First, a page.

I think there are also moments where the film drags a little. As funny as moments were when the gang was captured by the Ogre and his wife in the Time of Legends, it all seemed kind of pointless. Although, to be fair, the boat they used (and the gang then steals) lines up one of the most awesome visuals I have seen in a movie; a moment of pure, creative genius. And the reappearance across time of Vincent and Pansy (Palin and Duvall) as lovers always finding themselves in a bad way was cute, but it felt superfluous to me.

But that is more than outweighed by all the great stuff in this film. The gang singing "Me and My Shadow" to Napoleon on a stage in a bombed-out Italian city. A bumbling Robin Hood (Cleese) and his band of less-than-merry men. And the interactions between the dwarfs themselves are hilarious. All that is thanks to a really good script written by Gilliam and Palin.

Peter Biziou's great cinematography on a small budget brings a lot of realism to scenes that could have easily looked cheap. He does a great job in making deserts look endless, castles appear ominous, and a bombed-out city looking like a bombed-out city. He went on to win the Oscar for Best Cinematography with Mississippi Burning. He also DPed one of my personal favorites, Richard III. Time Bandits was one of his earlier films but you can see that talent already present in his work.

Another important element is the costume design by James Acheson. This was his first film after doing Doctor Who for the BBC. The gang wears a hodgepodge of various uniforms with bandoleers slung across their waists. The Evil Genius' costume is this wicked design of black and crimson red. The scenes in ancient Greece are full of colorful robes. The costumes so perfectly evoke the personalities of the characters. Even the Supreme Being's classic suit says as much about him as his words. Acheson has won three Oscars for costume design since then, so Gilliam found a gem in hiring him for the film.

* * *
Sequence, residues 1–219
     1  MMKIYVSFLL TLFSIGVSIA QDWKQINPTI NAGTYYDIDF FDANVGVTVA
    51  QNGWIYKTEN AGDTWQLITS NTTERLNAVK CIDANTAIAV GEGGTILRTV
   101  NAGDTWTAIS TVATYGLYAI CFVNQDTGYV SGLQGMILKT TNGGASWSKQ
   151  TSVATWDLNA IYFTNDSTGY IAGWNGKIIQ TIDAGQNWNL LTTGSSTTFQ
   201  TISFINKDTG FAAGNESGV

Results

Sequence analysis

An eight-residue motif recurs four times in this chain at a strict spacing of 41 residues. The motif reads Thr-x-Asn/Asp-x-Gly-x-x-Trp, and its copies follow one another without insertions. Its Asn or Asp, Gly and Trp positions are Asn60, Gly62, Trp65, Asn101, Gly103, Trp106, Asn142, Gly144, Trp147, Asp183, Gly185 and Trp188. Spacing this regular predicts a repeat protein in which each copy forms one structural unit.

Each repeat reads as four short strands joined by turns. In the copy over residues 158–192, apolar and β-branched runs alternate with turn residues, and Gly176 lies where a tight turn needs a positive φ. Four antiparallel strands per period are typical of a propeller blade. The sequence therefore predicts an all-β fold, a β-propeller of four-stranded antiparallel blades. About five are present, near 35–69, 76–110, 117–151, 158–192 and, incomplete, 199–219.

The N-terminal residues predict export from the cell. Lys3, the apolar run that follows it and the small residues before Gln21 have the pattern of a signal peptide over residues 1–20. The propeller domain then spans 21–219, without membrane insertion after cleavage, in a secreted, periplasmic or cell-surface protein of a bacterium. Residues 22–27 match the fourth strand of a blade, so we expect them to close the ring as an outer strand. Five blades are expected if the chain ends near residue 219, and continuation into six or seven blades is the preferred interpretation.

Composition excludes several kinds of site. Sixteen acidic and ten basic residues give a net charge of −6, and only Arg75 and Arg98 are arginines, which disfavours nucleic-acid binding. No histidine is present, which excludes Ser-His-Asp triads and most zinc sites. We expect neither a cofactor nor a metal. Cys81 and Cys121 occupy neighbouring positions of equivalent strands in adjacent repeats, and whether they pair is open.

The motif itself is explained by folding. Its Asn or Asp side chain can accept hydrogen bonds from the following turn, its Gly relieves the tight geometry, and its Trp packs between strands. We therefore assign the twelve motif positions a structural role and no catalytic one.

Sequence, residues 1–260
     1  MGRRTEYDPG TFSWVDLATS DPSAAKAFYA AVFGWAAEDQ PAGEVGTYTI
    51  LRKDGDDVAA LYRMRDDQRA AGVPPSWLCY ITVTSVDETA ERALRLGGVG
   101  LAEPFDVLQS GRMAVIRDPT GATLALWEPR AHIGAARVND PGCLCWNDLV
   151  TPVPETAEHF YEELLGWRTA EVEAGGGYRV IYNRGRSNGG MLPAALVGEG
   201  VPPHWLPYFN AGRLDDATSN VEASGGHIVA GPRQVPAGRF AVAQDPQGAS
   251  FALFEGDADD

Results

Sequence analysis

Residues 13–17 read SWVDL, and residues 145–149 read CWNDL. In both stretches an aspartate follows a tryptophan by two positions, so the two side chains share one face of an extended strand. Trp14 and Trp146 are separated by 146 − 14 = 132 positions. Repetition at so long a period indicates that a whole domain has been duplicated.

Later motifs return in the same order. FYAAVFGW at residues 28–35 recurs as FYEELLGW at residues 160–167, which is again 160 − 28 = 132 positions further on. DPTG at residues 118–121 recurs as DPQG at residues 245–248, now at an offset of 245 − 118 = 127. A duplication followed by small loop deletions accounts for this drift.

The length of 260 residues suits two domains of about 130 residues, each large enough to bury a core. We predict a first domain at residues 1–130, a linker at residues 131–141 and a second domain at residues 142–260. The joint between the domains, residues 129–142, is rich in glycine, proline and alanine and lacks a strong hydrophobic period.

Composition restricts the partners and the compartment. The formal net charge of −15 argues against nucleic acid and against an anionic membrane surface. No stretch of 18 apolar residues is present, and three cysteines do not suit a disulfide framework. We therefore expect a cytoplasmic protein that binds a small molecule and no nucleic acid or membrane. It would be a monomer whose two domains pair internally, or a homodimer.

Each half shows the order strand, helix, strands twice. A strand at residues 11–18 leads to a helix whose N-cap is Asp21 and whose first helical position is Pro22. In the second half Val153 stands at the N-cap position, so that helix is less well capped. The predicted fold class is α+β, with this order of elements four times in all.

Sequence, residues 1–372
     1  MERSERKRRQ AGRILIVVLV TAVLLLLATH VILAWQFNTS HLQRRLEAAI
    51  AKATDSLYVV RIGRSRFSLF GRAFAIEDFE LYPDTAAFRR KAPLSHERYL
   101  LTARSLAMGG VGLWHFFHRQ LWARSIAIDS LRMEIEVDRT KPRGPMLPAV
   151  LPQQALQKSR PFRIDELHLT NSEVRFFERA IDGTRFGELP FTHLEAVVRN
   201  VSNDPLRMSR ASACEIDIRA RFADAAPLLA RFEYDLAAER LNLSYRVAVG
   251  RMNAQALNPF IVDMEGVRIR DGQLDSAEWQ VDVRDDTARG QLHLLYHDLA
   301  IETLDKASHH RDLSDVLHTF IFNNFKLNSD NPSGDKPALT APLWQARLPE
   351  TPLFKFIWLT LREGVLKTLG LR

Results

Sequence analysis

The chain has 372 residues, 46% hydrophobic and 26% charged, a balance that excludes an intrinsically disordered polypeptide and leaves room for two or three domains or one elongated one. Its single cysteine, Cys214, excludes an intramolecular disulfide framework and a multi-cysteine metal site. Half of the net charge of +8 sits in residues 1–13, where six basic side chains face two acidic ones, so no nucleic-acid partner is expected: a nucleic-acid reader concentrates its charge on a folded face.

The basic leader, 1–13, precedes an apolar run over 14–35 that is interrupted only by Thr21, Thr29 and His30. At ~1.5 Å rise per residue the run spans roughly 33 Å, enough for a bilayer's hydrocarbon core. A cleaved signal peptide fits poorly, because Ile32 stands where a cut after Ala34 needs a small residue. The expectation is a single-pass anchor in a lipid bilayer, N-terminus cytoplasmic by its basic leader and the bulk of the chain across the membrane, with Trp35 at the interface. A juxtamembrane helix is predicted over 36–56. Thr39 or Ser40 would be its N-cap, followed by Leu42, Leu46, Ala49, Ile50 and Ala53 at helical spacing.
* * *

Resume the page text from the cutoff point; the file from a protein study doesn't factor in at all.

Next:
And kudos to Palin for writing the movie with idea of casting little people in the role of the Bandits. He didn't have to do that. And he played the film straight; they weren't mocked or used for a cheap laugh a single time. They had a genuine opportunity to act without all of that preconceived bullshit some people have and to a man they knocked it out of the park. Time Bandits is a forgotten film without Rappaport and his co-actors in those roles. They are the reason for its success.

I cannot say enough good things about Time Bandits. It's a funny, thoughtful sci-fi film that has a serious theme but delivers it with some laughs. On the current list I would put it between Rollerball and They Live with it being closer to the former. Not too many sci-fi films can talk about free will and the dangers of technology while being entertaining and funny. But Time Bandits does it with ease. Definitely a must-own for anyone who loves sci-fi or movies in general.